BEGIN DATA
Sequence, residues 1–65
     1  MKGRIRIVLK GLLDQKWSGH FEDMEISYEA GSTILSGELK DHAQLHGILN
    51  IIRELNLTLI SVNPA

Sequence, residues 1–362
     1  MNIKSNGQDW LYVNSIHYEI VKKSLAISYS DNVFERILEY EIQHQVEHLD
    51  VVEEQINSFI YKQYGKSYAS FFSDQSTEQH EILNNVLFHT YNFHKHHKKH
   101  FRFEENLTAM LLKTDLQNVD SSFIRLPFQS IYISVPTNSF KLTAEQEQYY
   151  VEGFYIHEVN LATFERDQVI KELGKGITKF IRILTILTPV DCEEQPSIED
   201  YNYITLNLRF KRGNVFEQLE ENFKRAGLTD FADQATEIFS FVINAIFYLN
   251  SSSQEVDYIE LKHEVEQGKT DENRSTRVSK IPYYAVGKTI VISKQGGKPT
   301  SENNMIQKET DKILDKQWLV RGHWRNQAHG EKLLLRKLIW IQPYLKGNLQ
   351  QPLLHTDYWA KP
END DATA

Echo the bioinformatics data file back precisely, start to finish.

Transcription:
Sequence, residues 1–65
     1  MKGRIRIVLK GLLDQKWSGH FEDMEISYEA GSTILSGELK DHAQLHGILN
    51  IIRELNLTLI SVNPA

Sequence, residues 1–362
     1  MNIKSNGQDW LYVNSIHYEI VKKSLAISYS DNVFERILEY EIQHQVEHLD
    51  VVEEQINSFI YKQYGKSYAS FFSDQSTEQH EILNNVLFHT YNFHKHHKKH
   101  FRFEENLTAM LLKTDLQNVD SSFIRLPFQS IYISVPTNSF KLTAEQEQYY
   151  VEGFYIHEVN LATFERDQVI KELGKGITKF IRILTILTPV DCEEQPSIED
   201  YNYITLNLRF KRGNVFEQLE ENFKRAGLTD FADQATEIFS FVINAIFYLN
   251  SSSQEVDYIE LKHEVEQGKT DENRSTRVSK IPYYAVGKTI VISKQGGKPT
   301  SENNMIQKET DKILDKQWLV RGHWRNQAHG EKLLLRKLIW IQPYLKGNLQ
   351  QPLLHTDYWA KP